Given that I had only five active high-speed disks, a full performance test of the VNXe wasn't really possible, but I wanted to make sure the unit wasn't obviously subpar. (See the full review, "EMC VNXe 3100: Sweet entry-level NAS and SAN.") Although I attempted to wring the most I could out of the array, I'm certain there are optimization steps that could improve the results -- and likely scalability issues that might decrease them.
To provide a basic workout, I configured two iSCSI servers on the VNXe, each bound to one of the two storage processors and attached to each of the active NICs on their respective controllers. Then I created two VMFS volumes, one on each of the two servers. The three attached vSphere hosts were then configured to use round-robin load balancing across both of their dedicated iSCSI NICs to all four of the VNXe's active interfaces, effectively eliminating any of the network interfaces as a bottleneck.
Next I deployed six virtual machines -- spread two apiece across each of the three vSphere hosts -- and attached an unformatted 10GB VMDK to each VM. These VMs were split three and three across the two iSCSI volumes, providing an even load distribution across both controllers. I then used IOmeter to run tests across all six VMs. Although I ran a lot of tests, the key one for me was a completely randomized 60 percent read and 40 percent write test using a 4KB block size across the entire disk, bombarding the same five physical 300GB 15,000-rpm SAS disks with a very difficult OLTP workload (one unlikely to be found in nature). A second test involved a much easier 2MB sequential read test to evaluate overall data throughput.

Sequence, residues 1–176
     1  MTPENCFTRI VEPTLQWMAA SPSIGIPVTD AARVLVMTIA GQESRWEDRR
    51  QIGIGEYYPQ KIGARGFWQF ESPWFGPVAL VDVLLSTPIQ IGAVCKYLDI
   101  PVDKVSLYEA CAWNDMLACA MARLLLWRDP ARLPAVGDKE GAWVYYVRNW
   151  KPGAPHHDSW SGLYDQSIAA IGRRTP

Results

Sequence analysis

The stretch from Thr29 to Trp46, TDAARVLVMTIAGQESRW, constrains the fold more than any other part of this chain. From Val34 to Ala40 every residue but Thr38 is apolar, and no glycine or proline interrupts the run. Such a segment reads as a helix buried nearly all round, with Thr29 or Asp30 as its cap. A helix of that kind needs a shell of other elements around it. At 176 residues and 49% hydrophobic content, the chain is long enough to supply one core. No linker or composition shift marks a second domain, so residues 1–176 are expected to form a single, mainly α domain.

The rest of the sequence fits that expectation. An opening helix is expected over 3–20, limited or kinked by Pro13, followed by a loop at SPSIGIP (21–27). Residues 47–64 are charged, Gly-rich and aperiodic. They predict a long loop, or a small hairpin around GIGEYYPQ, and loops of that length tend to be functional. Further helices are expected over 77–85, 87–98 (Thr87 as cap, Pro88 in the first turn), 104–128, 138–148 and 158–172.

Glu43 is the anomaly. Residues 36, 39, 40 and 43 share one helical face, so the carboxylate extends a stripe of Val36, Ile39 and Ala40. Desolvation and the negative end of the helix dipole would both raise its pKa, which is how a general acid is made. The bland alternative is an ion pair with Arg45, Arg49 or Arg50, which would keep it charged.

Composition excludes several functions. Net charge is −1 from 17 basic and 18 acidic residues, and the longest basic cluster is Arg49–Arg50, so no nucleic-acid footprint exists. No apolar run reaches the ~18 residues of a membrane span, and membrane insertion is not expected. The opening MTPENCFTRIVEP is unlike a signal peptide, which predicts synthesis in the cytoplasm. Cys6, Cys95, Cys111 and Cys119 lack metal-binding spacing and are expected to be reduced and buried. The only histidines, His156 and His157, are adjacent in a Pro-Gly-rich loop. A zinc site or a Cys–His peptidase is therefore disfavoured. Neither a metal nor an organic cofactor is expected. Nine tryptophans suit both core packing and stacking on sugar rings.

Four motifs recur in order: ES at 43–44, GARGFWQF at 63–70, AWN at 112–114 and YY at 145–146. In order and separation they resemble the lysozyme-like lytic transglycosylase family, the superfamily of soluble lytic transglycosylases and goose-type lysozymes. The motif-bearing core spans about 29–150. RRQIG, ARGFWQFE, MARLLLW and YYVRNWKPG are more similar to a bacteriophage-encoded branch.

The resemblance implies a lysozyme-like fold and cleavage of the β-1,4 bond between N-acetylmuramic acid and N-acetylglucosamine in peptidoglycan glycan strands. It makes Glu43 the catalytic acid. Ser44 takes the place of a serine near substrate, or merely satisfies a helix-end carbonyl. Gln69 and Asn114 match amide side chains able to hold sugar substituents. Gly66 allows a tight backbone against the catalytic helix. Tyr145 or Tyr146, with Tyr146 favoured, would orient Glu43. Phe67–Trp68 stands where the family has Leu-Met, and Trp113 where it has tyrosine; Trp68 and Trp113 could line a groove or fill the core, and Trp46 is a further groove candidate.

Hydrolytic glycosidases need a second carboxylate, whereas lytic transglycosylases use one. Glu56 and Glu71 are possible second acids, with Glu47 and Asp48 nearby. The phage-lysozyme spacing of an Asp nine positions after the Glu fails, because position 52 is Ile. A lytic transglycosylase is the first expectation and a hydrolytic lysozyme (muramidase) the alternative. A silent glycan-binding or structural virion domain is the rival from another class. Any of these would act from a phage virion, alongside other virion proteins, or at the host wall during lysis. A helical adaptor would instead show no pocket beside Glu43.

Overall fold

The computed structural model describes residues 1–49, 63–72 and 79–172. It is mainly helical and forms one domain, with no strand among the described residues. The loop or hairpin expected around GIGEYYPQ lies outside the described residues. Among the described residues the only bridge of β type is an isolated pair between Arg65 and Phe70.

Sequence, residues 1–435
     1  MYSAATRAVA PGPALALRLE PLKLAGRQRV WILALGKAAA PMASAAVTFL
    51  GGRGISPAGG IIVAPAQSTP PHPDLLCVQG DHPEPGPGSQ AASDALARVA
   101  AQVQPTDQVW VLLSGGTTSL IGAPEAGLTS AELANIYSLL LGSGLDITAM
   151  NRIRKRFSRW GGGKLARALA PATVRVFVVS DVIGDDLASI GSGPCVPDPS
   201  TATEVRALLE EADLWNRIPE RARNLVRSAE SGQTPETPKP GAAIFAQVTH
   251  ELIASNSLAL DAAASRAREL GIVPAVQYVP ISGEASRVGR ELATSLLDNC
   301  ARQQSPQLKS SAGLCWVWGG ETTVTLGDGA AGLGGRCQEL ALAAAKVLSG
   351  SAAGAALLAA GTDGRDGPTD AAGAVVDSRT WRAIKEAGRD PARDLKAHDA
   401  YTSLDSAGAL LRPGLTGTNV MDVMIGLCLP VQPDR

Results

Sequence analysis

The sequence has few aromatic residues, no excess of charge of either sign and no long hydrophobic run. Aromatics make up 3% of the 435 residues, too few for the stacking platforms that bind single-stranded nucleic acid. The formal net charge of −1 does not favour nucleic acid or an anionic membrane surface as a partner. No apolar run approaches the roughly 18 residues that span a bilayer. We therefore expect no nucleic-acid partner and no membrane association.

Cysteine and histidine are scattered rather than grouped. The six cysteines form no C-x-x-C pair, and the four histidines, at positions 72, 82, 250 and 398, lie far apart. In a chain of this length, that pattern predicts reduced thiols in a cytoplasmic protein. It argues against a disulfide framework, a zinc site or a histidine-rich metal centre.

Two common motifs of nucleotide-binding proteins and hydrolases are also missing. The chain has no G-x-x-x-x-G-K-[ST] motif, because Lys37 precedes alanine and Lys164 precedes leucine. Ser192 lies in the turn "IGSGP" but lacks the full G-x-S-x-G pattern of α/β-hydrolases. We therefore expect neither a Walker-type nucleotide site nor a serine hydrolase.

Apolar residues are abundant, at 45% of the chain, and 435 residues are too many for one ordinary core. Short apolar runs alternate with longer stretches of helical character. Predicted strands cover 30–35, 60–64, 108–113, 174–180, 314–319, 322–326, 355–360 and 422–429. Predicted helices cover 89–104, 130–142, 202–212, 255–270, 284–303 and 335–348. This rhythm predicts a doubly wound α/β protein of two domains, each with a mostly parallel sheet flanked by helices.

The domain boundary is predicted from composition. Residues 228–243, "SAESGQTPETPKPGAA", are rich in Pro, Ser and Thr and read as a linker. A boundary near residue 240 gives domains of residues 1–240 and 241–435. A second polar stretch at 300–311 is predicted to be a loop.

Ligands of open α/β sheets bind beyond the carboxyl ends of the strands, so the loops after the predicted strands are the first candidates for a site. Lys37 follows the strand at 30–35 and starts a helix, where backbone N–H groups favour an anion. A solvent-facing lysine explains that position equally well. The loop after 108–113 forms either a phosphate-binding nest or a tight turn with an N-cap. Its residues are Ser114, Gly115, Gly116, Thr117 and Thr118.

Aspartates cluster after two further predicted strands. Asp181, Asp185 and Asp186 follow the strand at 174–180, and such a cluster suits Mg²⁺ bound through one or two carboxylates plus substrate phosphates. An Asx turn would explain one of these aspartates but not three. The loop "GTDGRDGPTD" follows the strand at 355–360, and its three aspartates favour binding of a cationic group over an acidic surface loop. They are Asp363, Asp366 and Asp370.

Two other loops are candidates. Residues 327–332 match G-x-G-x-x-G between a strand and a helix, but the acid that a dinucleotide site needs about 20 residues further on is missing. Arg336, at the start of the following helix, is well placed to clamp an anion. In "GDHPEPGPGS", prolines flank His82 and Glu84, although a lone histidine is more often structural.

The result was that the six VMs were able to achieve a total of 862 IOPS in the OLTP test, or about 172 IOPS per active physical disk and a little over 100MBps versus the sequential read test. Overall, that's a pretty decent result for a set of five disks in a RAID5 configuration. However, both tests pushed the CPU utilization on the VNXe's storage processors beyond 70 percent. Given that I didn't have more high-speed disks to test with, I couldn't evaluate how quickly CPU bandwidth would become a limiting factor, but this is one of the significant differences between the VNXe 3100 and 3300 and something to bear in mind when choosing between the two.
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